In 1986 the EPA/DPH instituted a 0% lead standard for solder used to adhere copper piping in plumbing structures. Generally, lead based solder is the most common source of lead in water supplies well or municipal. When water is idle between usages, lead being a very soluble metal gets absorbed into the water at elevated levels. So in houses built before 1986, the longer the period between usages of a faucet, the greater potential that the first 0.5 gallons of water from the particular fixture has an elevated lead level. Due to this fact, it is highly recommended to run the water for a couple of minutes before usages in houses with aged plumbing. Since lead is rarely a source issue, by running the water for a few minutes the water is passing through the plumbing so fast lead cannot be absorbed.
This being said, to ensure the homeowner is aware of their potential exposure to lead, proper sampling should be performed by a licensed professional. There are two types of sample collection procedures; a first-draw sample and a flushed sample. The first draw sample should be collected from a usable faucet that hasn’t been used for the prior six hours but no longer than twelve hours. The first few cups that come out of the faucet are collected. The purpose of this collection is designed to replicate the longest time a fixture would be idle in a lived in house. This sample will yield a result of maximum exposure to lead. The flushed sample is then collected after the water has been running for a few minutes (typically till it runs cold). This will yield a result of your true exposure to lead. In addition, low pH value waters can cause lead to leach into the water at higher rates than normal.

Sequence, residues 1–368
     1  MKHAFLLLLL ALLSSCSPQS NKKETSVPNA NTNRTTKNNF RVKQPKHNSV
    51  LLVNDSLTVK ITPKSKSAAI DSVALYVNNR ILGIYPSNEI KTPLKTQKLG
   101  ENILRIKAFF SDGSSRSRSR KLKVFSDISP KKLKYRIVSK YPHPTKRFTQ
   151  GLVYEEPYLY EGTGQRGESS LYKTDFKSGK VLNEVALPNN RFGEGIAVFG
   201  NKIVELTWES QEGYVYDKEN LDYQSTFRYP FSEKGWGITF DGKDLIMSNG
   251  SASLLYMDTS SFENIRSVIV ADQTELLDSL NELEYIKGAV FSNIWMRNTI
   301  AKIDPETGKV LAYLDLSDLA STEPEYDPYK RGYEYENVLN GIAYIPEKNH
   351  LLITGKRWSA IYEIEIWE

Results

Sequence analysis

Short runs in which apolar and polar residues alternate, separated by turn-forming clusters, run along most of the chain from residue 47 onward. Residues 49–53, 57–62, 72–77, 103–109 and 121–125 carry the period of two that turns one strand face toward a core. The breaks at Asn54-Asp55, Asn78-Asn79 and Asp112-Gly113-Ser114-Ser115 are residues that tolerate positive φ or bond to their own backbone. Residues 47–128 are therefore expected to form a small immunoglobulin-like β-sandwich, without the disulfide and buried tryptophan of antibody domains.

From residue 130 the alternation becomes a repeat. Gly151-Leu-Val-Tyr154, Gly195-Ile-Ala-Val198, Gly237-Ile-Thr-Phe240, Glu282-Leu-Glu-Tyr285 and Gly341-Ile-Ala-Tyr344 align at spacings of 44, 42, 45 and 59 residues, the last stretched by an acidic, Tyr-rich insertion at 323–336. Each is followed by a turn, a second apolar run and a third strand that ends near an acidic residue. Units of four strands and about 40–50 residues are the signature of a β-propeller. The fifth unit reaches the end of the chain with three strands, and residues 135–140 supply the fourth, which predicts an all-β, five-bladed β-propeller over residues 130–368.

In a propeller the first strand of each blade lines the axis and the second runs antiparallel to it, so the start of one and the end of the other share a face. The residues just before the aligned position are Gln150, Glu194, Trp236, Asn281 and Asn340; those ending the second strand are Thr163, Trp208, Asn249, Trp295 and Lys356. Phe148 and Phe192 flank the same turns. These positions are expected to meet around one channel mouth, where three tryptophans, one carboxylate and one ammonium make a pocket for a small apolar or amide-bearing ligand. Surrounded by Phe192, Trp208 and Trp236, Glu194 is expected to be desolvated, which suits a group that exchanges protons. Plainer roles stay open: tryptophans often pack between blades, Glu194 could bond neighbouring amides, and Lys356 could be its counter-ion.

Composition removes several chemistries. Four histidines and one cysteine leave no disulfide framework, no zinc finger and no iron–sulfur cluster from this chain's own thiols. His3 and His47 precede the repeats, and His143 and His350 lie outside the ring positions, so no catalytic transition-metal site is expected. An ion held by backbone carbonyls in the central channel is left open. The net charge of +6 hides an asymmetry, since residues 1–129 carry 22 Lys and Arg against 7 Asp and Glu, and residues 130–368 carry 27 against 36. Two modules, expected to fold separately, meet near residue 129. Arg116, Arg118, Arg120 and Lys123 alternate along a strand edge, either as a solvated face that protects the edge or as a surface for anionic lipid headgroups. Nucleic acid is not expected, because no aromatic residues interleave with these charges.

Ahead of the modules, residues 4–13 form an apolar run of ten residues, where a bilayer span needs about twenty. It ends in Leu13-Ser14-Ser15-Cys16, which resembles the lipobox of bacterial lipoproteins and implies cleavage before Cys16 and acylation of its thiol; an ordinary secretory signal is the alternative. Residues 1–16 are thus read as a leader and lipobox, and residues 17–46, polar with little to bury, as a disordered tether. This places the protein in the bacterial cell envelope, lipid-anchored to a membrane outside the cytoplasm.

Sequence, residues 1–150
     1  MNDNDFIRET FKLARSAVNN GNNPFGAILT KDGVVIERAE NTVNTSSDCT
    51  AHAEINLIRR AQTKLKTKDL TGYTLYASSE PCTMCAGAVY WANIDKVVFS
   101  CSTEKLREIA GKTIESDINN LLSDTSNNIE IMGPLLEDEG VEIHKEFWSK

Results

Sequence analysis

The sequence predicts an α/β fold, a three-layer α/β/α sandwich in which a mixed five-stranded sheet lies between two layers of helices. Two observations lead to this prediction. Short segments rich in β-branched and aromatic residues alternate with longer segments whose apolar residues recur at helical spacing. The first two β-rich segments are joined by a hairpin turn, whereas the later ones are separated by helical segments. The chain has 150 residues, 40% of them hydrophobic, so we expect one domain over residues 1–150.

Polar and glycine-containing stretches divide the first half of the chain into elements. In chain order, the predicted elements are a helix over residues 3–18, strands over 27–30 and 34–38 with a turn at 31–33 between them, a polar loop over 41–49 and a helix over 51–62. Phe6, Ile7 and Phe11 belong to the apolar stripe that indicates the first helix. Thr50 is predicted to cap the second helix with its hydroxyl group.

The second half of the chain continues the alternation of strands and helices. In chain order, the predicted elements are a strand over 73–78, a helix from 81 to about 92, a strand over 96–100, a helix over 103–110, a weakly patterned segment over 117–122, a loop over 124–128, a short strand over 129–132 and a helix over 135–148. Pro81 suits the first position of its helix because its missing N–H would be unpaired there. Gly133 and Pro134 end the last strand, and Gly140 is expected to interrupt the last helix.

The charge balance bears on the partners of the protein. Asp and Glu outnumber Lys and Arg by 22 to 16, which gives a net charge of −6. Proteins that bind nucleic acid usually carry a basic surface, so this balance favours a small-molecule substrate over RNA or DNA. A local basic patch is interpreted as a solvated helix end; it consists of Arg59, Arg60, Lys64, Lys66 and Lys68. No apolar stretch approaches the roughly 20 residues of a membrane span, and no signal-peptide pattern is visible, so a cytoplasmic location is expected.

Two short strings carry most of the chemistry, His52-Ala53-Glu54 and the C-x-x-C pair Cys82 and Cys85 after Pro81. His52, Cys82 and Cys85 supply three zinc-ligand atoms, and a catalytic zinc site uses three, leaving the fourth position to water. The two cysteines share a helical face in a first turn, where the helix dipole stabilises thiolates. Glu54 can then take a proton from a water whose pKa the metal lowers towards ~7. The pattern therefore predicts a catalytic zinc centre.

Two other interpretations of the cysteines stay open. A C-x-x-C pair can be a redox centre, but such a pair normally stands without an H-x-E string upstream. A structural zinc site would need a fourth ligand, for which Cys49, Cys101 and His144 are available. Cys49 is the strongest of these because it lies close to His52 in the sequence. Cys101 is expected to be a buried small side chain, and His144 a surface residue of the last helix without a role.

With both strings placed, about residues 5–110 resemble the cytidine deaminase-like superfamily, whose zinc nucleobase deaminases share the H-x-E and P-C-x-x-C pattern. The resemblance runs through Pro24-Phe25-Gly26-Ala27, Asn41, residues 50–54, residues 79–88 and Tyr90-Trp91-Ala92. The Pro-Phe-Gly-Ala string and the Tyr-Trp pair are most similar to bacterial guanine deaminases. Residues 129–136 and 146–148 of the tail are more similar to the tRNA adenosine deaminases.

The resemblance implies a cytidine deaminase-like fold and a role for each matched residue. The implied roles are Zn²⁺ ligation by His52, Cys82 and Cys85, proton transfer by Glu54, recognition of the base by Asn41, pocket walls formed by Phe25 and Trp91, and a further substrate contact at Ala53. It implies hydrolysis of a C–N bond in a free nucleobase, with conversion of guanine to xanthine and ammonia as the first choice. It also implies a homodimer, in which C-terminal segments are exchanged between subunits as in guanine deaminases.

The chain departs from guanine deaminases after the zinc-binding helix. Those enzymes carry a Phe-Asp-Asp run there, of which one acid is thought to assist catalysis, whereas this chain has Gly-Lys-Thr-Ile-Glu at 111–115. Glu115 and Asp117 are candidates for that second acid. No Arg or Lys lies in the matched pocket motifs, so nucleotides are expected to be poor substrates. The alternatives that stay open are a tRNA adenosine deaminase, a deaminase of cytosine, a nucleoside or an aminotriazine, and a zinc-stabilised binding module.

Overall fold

It is common to have high levels in a first draw sample and negligible levels in a flushed sample in houses built before 1986. If there are lead levels present in a sample collected from a house built post-1986, then the only other potential source would be the particular fixture the sample was collected from. Some higher end and foreign made fixtures can have a lead base to the plating or brass fittings used to install them. Further sampling can be performed to confirm if this is the case. Otherwise, the fixture should be replaced or a filter for lead should be installed at the area in question.
To learn more about treatment options for lead in water, please refer to: